Overview of Leptospirosis in Dogs
Leptospirosis, commonly referred to as “lepto”, is a zoonotic disease that can pass from animals to humans. It is a bacterial disease that damages the liver and kidneys of dogs, sometimes resulting in renal failure and death. It is caused by a spirochete (spiral shaped bacterium) called a leptospire.
Leptospires live in fluids from infected animals, including urine, saliva, blood and milk. The disease is transmitted by direct contact with the fluids or with an infected animal. It is also transmitted by indirect contact such as vegetation, food and water, soil and bedding materials. Leptospires enter the body through mucous membranes or through breaks in the skin. The disease may be carried for years in animals without any apparent symptoms of the disease.
Any age, breed or sex of dog is susceptible to leptospirosis, although in general, young animals are more severely affected than adults. Large breed outdoor adult dogs are most commonly affected.
Leptospirosis can cause irreversible kidney damage, liver damage, uveitis (inflammation of the inner part of the eye), and damage to other organs.
What To Watch For
The first signs you might notice in your pet are flu-like symptoms. This may include several days of anorexia, vomiting, lethargy, depression and sometimes diarrhea or bloody urine. Other signs may include:
Diagnosis of Leptospirosis in Dogs
Your veterinarian will want to do a complete review of history and physical exam findings to develop a list of possible causes for your dog’s illness. In order to make a definitive diagnosis of leptospirosis, however, various diagnostic tests may be recommended.
Treatment of Leptospirosis in Dogs
If the disease is caught in time, it can usually be treated successfully with penicillin and tetracycline drugs. However, those with renal failure may or may not recover, or may recover only partial renal function.
In-depth Information on Leptospirosis in Dogs
Leptospirosis is still an important infectious disease of dogs, despite the fact that vaccines have been around for more than 30 years. It has a worldwide distribution and is caused by several distinct serovars (subtypes) of the organism Leptospira interrogans. The organism is a spiral shaped bacterium with hook shaped ends that makes a characteristic writhing and flexing movement while moving. There are many distinct subtypes of the leptospirosis organism, although five in particular are responsible for most cases of disease in dogs. Dogs contract leptospirosis either by direct contact with infected urine, bite wounds, eating infected tissue or during birth.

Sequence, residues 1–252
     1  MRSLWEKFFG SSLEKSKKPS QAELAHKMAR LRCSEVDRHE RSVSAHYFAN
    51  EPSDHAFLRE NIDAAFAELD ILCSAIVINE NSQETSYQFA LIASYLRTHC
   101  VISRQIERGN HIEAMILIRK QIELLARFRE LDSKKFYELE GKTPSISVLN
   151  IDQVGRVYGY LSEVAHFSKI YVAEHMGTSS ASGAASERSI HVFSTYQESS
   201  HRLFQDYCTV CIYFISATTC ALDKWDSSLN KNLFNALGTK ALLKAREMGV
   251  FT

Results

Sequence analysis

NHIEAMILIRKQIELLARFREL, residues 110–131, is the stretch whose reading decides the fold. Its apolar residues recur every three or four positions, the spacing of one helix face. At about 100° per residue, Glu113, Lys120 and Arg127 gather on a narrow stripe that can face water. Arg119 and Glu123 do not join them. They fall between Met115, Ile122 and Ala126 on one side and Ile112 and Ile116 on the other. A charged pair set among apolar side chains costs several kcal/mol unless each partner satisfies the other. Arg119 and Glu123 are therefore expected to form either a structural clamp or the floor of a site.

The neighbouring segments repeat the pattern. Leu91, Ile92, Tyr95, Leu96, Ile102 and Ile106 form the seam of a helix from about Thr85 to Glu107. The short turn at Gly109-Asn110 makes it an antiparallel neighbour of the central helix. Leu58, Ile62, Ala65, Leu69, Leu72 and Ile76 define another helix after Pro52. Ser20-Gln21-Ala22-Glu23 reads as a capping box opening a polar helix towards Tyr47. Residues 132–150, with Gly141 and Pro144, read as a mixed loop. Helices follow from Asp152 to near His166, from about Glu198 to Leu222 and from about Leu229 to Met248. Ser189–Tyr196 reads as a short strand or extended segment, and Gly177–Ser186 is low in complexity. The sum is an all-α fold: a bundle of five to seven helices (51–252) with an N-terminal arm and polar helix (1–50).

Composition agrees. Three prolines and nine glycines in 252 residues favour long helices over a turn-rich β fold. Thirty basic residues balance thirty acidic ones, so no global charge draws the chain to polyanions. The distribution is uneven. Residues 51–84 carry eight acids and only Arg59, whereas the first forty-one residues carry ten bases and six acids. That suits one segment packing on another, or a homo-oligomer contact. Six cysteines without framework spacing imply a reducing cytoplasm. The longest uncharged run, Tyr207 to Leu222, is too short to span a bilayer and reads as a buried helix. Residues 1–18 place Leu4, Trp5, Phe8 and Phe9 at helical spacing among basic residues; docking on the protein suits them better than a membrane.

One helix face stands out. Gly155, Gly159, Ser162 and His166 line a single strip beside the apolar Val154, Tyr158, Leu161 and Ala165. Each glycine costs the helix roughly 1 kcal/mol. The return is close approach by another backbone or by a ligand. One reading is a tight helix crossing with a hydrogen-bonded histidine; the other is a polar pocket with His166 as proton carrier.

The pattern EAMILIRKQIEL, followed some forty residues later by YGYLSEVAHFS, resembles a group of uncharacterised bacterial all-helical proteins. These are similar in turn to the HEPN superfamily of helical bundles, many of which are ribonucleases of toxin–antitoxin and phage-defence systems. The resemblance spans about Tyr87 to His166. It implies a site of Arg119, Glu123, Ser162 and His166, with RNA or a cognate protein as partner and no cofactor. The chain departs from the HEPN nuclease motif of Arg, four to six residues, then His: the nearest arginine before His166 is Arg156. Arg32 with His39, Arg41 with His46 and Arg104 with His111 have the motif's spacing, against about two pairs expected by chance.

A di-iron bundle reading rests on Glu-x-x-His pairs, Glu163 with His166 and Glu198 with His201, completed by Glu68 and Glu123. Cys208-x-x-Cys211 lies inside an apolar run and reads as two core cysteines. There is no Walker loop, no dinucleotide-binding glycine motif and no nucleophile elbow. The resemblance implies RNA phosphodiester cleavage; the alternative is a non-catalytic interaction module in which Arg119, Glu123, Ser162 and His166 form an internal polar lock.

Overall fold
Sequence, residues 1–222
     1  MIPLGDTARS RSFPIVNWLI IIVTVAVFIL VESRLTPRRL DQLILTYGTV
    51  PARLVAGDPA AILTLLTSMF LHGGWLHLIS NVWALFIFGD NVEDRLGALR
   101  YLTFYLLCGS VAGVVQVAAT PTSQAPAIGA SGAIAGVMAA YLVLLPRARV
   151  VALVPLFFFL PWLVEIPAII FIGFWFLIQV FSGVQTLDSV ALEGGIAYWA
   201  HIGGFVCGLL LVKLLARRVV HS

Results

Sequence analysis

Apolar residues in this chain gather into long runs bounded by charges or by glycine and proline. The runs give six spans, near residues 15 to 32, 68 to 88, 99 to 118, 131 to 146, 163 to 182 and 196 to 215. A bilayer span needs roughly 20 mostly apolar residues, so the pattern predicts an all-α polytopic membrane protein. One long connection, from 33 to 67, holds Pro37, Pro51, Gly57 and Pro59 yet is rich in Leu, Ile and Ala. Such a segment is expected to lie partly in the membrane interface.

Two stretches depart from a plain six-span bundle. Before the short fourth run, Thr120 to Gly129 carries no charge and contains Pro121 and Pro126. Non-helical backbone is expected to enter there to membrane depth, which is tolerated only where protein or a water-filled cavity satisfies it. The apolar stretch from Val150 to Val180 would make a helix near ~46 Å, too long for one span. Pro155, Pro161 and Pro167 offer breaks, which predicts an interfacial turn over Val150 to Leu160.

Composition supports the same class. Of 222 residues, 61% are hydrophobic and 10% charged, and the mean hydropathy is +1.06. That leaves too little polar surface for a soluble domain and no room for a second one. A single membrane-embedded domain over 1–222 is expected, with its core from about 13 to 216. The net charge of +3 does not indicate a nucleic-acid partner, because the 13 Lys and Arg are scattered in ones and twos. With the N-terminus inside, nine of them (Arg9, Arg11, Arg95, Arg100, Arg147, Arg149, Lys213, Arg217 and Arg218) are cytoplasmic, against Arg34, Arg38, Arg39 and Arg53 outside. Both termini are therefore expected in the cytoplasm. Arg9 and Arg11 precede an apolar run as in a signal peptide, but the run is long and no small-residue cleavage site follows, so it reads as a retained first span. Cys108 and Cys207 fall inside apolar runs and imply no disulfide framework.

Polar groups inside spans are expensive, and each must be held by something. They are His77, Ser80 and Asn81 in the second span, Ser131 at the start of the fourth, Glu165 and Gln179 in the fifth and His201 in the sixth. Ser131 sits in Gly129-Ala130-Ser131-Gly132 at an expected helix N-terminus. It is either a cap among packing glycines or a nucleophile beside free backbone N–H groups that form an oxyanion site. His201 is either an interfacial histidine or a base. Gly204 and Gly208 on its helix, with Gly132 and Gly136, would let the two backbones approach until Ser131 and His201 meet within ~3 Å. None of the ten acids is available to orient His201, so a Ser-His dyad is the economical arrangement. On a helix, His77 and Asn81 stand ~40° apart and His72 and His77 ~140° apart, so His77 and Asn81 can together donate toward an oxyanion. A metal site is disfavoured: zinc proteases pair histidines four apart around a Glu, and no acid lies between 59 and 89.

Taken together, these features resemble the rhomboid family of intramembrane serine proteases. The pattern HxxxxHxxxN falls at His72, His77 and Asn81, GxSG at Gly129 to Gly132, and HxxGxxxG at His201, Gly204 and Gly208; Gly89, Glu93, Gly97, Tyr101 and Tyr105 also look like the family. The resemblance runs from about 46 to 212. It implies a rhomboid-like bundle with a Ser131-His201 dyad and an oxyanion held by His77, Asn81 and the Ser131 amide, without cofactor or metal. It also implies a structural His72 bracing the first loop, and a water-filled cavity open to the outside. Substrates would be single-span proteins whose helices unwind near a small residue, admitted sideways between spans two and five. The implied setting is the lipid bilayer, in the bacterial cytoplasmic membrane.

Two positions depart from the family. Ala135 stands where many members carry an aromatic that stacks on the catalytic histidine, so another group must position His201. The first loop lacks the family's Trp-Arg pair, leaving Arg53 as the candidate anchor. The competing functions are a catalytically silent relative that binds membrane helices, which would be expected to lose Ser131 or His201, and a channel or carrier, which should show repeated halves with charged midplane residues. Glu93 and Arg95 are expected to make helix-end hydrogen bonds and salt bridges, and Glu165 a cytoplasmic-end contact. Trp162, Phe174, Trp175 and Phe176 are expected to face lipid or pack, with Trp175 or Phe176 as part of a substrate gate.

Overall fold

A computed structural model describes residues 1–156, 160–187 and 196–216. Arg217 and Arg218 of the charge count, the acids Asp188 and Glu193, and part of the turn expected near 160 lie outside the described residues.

Wild animals like skunks, raccoons and opossums are a major source of infection, although pigs, rats and other animals may harbor the organism and serve as reservoirs of infection. Direct spread is enhanced by crowding of animals, such as in kennel situations. Indirect transmission can occur if susceptible animals are exposed to contaminated food, soil, water or bedding. Stagnant or slow-moving warm water provides an excellent habitat for the organism. This explains the increase in cases during periods of flooding.
Once the organism penetrates the body, it enters the bloodstream and multiplies rapidly and causes the blood vessels to become inflamed. The organism penetrates through the inflamed vessels and invades other organs like the kidneys, liver, spleen, eyes and reproductive tract. The body makes an immune response and eliminates the organism from most organs. Unfortunately, organisms tend to persist in the kidneys and can be released into the urine for several weeks or months. When the organism invades the kidney, sudden impairment of kidney function may result. Depending on how virulent, or infectious, the particular serovar of the organism is, and how strong an immune response the dog mounts, the damage can be mild or severe. Some serovars can cause sudden hemorrhage, liver damage, and most commonly, kidney damage.
Leptospirosis is a zoonotic disease and can be transmitted to humans. The Centers for Disease Control has reported an average of 50 to 100 cases per year for the past 20 years and a few cases come from contact with rats or dogs. The majority of human infections are among those who engage in water sport activities or who experience occupational exposure to wildlife or domestic animal hosts. It has a very low fatality rate in humans.
Diseases causing similar symptoms in dogs include the following:
Other causes of kidney failure in dogs
Other causes of liver failure in dogs
In-depth Information on Diagnosis of Canine Leptospirosis
Diagnostic tests are needed to verify the diagnosis of leptospirosis and exclude other causes of similar signs and optimally evaluate your pet for this disorder. Tests may include the following:
In-depth Information on Therapy of Canine Leptospirosis
Therapy for leptospirosis in dogs may include one or more of the following:
Follow-up Care for Dogs with Leptospirosis
Optimal treatment for your dog requires a combination of home and professional veterinary care. Follow-up care can be critical, especially if your dog does not rapidly improve. Administer all prescribed medication as directed. Alert your veterinarian if you are experiencing problems treating your pet.
If your dog has permanent kidney damage as a result of the leptospirosis, you may need to feed him a special low-protein diet. Monitor your dog’s food intake, water intake and body weight.
Blood and urine tests will need to be repeated and monitored frequently to assess the final extent of any kidney damage.
Consider vaccination for any other dogs in the household. There is a new vaccine (Duramune DA2P+Pv/LCI-GP) that immunizes dogs against four serovars of the leptospirosis organism. Previous vaccines only immunized against two serovars.